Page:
The central medical-related plots were focused on Christina and Meredith and their two very different but very important surgeries using the 3D printer. Christina and Shane (who have been sleeping together) are doing surgery on a baby, and they are getting all sorts of media attention. Meredith and Stephanie, meanwhile, are putting a conduit into a sheep. At first, Christina's surgery looks like it's doing poorly, but then miraculously it starts to work. The opposite happens for Meredith: at first the sheep seems okay, but then it dies. Meredith and Christina have an argument about Shane, who Meredith observes is acting more aggressive lately. Meredith tells Edwards that they will just have to learn from their mistakes and try again on another sheep.
So, this plot made me feel all sorts of bad for Meredith. I mean, here she is doing groundbreaking surgery, with a 3D printer that she got the funding for, but everything is completely overshadowed by Christina's surgery. I don't blame Christina for this necessarily, but it must really suck for Meredith. I like the developing relationship between Shane and Christina, even though I had my hangups in the beginning. However, I'm still a bit nervous about how they're developing this. I think my only real problem with this section was the fight between Meredith and Christina. I really liked the whole polite yet icy thing they had going on, and then suddenly they're fighting about Shane? I think the episode would have been stronger if they had just remained really stoic and fake-nice to one another instead of getting into an actual argument.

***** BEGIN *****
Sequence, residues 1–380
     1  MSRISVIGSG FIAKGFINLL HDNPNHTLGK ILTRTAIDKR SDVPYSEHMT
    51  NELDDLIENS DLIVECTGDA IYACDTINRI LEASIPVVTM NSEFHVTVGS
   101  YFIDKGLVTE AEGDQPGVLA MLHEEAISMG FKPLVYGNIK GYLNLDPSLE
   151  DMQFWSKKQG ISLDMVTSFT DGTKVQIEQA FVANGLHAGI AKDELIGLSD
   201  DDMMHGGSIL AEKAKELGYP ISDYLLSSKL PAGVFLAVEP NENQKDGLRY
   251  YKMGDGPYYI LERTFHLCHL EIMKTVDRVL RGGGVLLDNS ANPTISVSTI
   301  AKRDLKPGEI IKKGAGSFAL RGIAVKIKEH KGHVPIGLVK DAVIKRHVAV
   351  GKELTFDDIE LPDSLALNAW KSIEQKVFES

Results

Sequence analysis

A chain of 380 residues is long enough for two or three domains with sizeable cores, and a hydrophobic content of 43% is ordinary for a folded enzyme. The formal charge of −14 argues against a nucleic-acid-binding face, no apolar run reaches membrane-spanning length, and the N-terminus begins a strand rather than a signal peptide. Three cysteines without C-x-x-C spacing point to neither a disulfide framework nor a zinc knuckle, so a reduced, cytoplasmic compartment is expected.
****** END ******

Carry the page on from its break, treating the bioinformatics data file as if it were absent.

Alex's dad comes in to the hospital, and Jo is horrified to see him. Turns out he's been detoxing. Alex wants nothing to do with him, and even tries to kick him out, but Jo insists that he's a patient and that she'll help him. James (that's Alex's dad's name) tells Alex that he knew who he was when he got angry with him at the bar, and has been trying to get sober ever since. While detoxing, James goes through some intense hallucinations, imagining a time back when Alex was a kid. At one point, he actually throws Jo against the wall. Alex interferes, tying his dad down to the bed. He tells Jo that he's been cleaning up his dad's messes for a long time.